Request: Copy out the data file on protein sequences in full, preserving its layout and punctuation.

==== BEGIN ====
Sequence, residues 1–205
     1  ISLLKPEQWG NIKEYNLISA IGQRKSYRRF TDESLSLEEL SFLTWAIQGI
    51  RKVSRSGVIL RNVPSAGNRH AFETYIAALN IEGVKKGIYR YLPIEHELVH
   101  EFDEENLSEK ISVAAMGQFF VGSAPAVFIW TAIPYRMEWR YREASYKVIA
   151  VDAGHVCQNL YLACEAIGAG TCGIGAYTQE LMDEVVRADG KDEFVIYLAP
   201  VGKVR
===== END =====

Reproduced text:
Sequence, residues 1–205
     1  ISLLKPEQWG NIKEYNLISA IGQRKSYRRF TDESLSLEEL SFLTWAIQGI
    51  RKVSRSGVIL RNVPSAGNRH AFETYIAALN IEGVKKGIYR YLPIEHELVH
   101  EFDEENLSEK ISVAAMGQFF VGSAPAVFIW TAIPYRMEWR YREASYKVIA
   151  VDAGHVCQNL YLACEAIGAG TCGIGAYTQE LMDEVVRADG KDEFVIYLAP
   201  VGKVR